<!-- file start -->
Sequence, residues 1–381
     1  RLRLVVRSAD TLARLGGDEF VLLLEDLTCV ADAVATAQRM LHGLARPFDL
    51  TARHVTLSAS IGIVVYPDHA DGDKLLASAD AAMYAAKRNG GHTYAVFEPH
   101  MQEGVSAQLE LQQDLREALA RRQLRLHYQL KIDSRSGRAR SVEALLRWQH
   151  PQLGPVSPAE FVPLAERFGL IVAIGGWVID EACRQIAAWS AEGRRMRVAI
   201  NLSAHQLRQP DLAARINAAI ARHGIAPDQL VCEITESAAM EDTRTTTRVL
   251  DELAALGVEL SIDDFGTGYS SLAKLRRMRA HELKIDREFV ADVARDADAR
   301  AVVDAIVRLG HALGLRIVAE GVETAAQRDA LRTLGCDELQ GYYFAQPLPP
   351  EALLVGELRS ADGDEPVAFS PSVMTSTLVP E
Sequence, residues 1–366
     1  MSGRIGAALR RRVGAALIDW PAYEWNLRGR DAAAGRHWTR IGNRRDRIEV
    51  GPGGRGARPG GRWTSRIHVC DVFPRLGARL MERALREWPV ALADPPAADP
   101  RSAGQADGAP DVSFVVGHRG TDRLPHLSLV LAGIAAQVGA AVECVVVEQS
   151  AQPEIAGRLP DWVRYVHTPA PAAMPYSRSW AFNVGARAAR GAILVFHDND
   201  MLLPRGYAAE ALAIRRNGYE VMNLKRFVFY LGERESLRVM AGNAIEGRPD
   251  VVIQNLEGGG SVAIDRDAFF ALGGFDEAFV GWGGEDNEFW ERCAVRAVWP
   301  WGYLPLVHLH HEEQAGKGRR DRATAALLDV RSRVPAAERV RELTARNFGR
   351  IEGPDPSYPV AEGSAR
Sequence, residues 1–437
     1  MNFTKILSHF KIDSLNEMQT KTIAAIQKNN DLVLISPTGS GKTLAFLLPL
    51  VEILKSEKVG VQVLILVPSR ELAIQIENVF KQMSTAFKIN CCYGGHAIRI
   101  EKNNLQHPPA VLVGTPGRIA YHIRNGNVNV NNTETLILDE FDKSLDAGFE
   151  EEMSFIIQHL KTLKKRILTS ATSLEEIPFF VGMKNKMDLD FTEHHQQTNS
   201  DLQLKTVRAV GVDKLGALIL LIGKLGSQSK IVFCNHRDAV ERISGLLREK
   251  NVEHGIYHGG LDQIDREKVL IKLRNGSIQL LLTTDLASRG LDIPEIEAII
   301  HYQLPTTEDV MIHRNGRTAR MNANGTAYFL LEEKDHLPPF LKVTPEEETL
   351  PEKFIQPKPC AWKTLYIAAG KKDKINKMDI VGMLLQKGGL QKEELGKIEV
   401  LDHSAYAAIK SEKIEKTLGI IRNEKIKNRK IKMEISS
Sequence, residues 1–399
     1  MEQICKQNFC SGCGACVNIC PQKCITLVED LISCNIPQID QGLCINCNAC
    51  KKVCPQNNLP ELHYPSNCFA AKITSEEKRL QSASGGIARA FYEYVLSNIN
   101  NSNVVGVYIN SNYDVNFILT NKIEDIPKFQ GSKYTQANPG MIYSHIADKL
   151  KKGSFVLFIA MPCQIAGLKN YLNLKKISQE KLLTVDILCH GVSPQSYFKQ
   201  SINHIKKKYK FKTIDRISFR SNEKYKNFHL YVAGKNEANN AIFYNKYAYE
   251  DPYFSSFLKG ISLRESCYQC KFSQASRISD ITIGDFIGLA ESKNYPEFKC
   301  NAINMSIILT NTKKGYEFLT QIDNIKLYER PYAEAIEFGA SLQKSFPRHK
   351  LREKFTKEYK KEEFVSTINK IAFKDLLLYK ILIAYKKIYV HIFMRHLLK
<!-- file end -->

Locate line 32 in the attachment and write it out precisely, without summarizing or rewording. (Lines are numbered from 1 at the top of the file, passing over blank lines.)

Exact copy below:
   101  NSNVVGVYIN SNYDVNFILT NKIEDIPKFQ GSKYTQANPG MIYSHIADKL